- You have heard it before, but Apple really changed the game. It allowed for the OTT players to be born and thrive. iPhone drove the networks to adopt faster and better technologies over a span of 4-5 years and the world changed as a result.
- The capabilities that are available in an robust IP environment are leading to tremendous opportunities around the ecosystem.
- Groupon drives 30% of its business from mobile. If the payments/commerce piece was more seamless, this could be much higher.
- Groupon thinks that if the consumer data is productized by the operators, there are some big opportunities that players like Groupon can take advantage of.
- There is significantly more cooperation with the operators in the developing world as the Groupon brand is not well known and the operator channel is great for distribution.
- For AT&T, 65% of the postpaid base is using smartphones, 80% of the new devices sold to this group is now smartphones. Changing the landscape pretty dramatically.
- Web 3.0 is Mobile Internet.
- App providers and Operators have natural tension because they want to compete for the same set of communication features/functionality. However, for some apps like Sidecar cooperation is must because of the QoS issues. While it is hard to do things simultaneously with all the operators, things can be achieved working 1-2 carriers at a time.
- To some extent the story is repeating itself, operators used to be in the hardware business but Apple and Samsung rule segment now. Things always change, who knows what the next cycle will bring.
- We are just at the start of a phenomenal run that will dwarf the achievements of the past. Like I say, more changes in the next 10 years than in the last 100 years.
- Collectively, operators need a better strategy for opening APIs to startups. Currently, they find it tedious and time consuming.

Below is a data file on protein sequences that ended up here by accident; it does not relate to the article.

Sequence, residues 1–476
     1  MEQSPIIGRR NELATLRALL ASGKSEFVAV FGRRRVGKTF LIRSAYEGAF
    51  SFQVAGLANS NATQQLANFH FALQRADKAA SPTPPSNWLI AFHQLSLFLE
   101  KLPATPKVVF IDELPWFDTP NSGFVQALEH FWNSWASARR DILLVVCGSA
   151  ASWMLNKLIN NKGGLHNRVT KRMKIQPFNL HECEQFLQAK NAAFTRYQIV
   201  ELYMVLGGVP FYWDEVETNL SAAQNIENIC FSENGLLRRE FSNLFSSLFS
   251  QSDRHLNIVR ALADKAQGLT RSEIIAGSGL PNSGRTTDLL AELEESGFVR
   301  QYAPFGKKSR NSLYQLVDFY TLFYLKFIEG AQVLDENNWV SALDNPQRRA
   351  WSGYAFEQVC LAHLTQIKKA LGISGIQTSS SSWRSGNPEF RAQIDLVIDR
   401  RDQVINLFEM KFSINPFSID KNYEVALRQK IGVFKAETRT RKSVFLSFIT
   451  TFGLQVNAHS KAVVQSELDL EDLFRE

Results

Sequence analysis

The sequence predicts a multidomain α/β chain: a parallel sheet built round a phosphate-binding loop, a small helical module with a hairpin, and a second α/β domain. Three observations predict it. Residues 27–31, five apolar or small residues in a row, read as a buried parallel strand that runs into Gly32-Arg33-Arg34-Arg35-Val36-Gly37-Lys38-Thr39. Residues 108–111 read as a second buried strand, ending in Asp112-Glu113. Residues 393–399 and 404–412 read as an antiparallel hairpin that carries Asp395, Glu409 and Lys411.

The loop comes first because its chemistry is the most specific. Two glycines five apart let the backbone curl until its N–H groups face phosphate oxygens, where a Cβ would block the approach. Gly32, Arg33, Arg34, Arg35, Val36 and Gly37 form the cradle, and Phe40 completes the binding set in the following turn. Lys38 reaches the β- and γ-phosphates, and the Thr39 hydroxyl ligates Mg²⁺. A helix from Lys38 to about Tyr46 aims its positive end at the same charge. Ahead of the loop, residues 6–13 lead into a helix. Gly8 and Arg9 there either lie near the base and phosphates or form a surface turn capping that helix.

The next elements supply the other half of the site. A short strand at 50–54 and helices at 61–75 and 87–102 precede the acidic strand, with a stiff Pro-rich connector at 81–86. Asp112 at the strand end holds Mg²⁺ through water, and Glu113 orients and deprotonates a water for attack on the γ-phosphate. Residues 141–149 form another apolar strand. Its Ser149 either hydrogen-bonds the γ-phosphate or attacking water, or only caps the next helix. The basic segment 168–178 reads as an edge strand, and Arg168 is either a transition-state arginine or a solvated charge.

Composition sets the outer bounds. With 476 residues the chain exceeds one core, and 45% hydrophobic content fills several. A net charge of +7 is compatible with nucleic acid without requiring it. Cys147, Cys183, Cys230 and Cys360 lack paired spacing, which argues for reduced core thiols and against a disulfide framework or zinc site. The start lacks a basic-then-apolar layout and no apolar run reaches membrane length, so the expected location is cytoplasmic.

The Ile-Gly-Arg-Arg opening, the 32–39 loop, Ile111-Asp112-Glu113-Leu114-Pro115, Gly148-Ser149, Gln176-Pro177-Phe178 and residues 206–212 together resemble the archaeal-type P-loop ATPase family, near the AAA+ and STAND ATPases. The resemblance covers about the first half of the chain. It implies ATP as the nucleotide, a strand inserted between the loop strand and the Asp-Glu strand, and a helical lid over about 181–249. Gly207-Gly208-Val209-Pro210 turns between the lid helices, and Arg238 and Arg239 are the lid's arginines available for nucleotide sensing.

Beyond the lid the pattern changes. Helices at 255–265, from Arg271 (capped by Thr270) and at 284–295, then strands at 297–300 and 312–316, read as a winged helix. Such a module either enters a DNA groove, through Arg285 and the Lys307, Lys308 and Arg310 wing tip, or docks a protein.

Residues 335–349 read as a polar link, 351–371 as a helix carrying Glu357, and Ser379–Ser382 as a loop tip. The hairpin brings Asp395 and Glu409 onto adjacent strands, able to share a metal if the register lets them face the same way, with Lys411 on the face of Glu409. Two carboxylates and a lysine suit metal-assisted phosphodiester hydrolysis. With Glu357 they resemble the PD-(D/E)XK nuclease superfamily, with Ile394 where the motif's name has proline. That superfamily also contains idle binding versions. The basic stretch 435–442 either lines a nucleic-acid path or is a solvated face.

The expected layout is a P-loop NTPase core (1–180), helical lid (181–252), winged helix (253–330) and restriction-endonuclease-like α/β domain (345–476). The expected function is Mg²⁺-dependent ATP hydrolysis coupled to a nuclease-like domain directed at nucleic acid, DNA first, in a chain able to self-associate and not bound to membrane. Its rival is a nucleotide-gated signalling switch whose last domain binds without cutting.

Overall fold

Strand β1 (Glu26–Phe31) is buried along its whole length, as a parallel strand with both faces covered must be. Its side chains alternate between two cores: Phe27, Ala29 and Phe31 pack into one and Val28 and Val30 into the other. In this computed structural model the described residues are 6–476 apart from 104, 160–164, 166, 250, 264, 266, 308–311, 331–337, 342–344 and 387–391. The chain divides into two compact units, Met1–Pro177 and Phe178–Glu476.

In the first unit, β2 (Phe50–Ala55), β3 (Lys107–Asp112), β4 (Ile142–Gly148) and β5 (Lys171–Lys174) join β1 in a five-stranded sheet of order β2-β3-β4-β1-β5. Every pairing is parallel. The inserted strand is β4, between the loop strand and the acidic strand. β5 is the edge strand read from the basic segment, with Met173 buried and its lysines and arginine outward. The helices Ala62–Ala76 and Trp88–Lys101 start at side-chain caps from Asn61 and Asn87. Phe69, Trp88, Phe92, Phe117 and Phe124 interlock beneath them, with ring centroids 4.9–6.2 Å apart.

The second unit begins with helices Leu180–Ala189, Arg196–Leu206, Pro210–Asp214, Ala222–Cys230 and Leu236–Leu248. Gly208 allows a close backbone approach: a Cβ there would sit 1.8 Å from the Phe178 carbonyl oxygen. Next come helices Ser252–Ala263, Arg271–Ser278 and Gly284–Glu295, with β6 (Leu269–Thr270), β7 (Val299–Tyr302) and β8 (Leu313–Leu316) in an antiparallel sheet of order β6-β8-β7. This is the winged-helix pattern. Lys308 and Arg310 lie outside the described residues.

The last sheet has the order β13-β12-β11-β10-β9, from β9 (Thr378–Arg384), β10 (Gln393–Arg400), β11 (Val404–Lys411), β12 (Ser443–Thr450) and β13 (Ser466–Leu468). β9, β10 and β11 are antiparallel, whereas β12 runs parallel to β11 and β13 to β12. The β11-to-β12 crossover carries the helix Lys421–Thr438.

- Bobsled user base is growing fast but the contrast to other OTT players is stark. The scale is different because they are driven by different performance metrics. At the end of the day, Operators have to show revenues while OTT players are going after the audience and then worry about revenues later. It is obvious, many of the communication OTT providers won’t succeed, a few will reach the next level but this forces the marketplace to shrink and more players to go after that pie.
- RCS has been talked about since 2007 but it has taken 5 years for the functionality to come to market from limited number of operators on limited number of handsets. That’s the dilemma for the operators. While interoperability is important and desired, the rate of time-to-market is more important.
- Operators have started to offer cross carrier services for messaging, location APIs and others which will help the ecosystem.
- Operators and OTT players will have to settle into a more collaborative approach to reach new heights of service and application deployment.
- There was an agreement that too much is made out of the Operators vs. OTT trash talk and there are more synergies than there are differences in overall objectives to make the consumer experience better.
Our next breakfast event is in Atlanta on Connected Devices on June 22nd. Then we revisit the Operator/OTT discussion again from the European point of view in London on June 29th. Tell your colleagues and friends about it. They will thank you for that.